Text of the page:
In this tutorial, we’re going to use a reference photograph of a cello scroll to create a (mostly) realistic illustration without using any gradients. Creating a vector from a photo can be extremely handy when you need a super huge size, since vectors can scale without losing image quality. In addition, the fact we’re avoiding gradients makes this illustration printer-friendly.
Working from a reference Photo
Let’s begin with our reference photo. In this case, this is a studio shot so the lighting is pretty good, but you don’t have to have a professional quality reference photo to create a great vector! Exposure, camera shake, noise, and artifacting really don’t matter much if you’re vectorizing by hand. So don’t be put off converting old photos into vectors just because they’re not studio photos!!
Bring the photo into Illustrator by clicking ‘File > Place’. Size the photo until you’re happy with where it’s positioned on your artboard, then lock the layer so that you don’t accidentally bump into it as you draw:
We’ll start by drawing our base shapes. Create a new layer and bring up your pen tool (‘P’ on your keyboard) and start a new layer over your locked reference photo layer. Some people like to reduce the opacity on their reference photos so that they can more easily see the shapes they draw over top, but we prefer to just give our strokes bright colors that pop.
Using our pen tool, we’ll block in the front of the scroll shape. We’ll assign our stroke color to bright green so it shows up over our photo. For now, don’t worry at all about shadows and highlights. Just draw the entire scroll shape as a single object:
Pen Tool Tip: Never used the Pen Tool before? Don’t fret! Check out this tutorial, which details how the Pen Tool works and how to draw with it.
Now it’s time to draw our highlights and shadows. What you want to focus on are the darkest areas of your photo, as well as the lightest. You may need to squint a little to envision the shading as a flat block of color. It can be hard to view a photo as shapes rather than an object, but trust us, it works! We’ll use bright purple for the shadows, and yellow for our highlights:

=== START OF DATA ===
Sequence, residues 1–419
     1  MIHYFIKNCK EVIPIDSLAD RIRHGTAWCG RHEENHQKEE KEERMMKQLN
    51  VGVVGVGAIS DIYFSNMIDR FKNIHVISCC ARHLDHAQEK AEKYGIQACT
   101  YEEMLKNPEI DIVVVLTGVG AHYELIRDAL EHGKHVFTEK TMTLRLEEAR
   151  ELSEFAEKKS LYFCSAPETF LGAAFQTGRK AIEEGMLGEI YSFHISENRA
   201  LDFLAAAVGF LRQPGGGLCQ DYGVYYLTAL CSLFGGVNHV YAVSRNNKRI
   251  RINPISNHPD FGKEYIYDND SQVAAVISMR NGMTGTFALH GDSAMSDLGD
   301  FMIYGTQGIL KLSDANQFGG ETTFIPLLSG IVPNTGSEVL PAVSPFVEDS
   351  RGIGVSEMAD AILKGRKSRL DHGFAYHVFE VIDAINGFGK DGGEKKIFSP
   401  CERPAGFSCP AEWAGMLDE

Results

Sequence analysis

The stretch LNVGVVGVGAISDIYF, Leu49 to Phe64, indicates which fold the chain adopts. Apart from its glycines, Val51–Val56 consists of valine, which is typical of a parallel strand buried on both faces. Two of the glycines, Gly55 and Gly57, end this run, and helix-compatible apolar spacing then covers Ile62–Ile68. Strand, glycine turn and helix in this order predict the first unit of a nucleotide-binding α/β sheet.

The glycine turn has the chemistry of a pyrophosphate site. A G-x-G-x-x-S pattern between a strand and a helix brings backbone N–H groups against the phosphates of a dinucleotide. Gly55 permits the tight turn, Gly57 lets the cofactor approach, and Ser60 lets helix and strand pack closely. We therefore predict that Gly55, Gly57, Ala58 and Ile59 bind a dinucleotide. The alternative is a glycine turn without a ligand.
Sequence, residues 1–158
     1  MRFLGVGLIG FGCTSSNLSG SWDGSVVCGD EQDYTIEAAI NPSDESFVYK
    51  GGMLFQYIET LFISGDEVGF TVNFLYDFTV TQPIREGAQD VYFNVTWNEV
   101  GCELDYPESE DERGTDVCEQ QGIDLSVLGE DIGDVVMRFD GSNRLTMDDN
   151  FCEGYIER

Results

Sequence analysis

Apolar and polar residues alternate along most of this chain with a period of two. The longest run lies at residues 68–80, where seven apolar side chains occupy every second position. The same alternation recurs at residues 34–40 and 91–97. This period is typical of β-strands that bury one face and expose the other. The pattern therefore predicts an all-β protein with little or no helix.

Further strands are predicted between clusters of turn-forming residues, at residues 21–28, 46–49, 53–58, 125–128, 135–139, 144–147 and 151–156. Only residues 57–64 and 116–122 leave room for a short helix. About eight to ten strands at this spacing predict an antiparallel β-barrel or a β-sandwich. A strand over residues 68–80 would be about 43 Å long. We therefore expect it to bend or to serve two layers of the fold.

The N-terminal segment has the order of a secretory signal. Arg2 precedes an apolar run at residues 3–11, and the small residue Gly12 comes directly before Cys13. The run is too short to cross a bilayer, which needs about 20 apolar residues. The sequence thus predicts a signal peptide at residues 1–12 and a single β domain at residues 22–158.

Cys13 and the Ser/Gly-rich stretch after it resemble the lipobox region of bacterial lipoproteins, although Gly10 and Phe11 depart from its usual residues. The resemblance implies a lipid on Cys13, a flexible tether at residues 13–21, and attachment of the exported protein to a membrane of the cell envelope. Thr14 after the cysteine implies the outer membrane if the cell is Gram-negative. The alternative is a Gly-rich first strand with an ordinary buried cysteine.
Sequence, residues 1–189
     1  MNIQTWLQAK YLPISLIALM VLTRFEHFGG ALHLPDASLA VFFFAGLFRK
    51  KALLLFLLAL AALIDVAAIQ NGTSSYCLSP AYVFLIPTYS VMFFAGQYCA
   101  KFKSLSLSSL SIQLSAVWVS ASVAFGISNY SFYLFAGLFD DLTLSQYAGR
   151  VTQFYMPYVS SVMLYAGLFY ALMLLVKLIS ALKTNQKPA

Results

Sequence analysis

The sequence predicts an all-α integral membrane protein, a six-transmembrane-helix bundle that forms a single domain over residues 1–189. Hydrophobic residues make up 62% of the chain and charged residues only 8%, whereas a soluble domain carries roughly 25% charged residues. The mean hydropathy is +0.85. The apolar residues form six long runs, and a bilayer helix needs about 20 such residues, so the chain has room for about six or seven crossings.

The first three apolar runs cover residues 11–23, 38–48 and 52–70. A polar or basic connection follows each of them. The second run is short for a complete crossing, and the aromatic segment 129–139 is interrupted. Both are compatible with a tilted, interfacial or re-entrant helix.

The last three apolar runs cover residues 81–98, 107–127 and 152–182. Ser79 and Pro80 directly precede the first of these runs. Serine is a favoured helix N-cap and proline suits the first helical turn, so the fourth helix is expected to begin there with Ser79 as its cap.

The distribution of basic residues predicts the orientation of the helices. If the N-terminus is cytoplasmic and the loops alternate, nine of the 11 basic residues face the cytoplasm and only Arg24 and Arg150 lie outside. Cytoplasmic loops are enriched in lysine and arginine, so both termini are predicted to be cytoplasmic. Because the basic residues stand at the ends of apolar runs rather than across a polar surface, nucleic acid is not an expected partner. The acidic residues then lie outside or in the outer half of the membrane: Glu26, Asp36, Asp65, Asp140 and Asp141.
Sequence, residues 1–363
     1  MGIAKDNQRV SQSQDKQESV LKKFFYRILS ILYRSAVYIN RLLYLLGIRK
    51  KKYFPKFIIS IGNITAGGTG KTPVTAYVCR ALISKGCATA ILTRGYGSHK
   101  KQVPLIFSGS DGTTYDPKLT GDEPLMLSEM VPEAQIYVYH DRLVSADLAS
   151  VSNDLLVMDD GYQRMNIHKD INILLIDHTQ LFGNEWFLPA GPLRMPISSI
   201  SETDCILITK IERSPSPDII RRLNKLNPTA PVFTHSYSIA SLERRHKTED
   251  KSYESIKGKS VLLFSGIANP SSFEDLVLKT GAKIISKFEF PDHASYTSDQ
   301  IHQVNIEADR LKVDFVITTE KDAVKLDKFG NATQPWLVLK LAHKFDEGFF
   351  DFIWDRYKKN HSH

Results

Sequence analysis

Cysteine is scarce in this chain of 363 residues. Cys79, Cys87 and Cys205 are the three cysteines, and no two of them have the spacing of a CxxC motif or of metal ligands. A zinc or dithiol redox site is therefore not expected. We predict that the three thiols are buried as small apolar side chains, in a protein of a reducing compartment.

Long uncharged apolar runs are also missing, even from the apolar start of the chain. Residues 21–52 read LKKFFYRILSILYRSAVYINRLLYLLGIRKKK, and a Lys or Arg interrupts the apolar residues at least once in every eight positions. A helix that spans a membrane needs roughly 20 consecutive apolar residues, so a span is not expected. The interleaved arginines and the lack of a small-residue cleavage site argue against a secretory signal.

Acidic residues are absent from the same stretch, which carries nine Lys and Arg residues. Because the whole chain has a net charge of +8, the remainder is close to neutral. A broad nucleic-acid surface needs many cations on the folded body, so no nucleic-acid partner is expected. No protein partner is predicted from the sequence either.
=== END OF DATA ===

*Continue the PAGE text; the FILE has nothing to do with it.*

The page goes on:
Here are the shapes with colored fills applied (note we haven’t started drawing the pegs yet, so it looks a little strange!). We’ve chosen a neutral brown for our scroll:
We’re working with Global Color Swatches for this illustration, because there will be many shades of brown by the time we’re finished. Global Color Swatches make it easier to recolor artwork because you can go in and edit the swatch, and when you’re done editing, your artwork will update to match the new color. Very handy!
Now we’ll draw the back portion of the scroll in the same way. We don’t have to worry about being neat and tidy where the black fingerboard meets the scroll, because this will be hidden once we draw in the cello’s neck, strings and the fingerboard. Start a new layer in between your reference photo and the scroll shapes we’ve just drawn. You might want to turn off the scroll shape layer (click on the little ‘eye’ icon in your layers palette to turn it off), so you can see what you’re drawing.
Using the same method of brightly colored lines, trace over the back portion of the scroll in the photograph. Here is our illustration now, colored a darker shade of brown than the front of the scroll to create depth:
Now for the pegs. We’ll need 2 more layers, one on the very top, and one right at the bottom above our reference photo. We’ll trace the black shapes of the pegs, then add shiny highlights, which we will color with tints of black (check the reference photo to see how light you need to go with your highlight tints):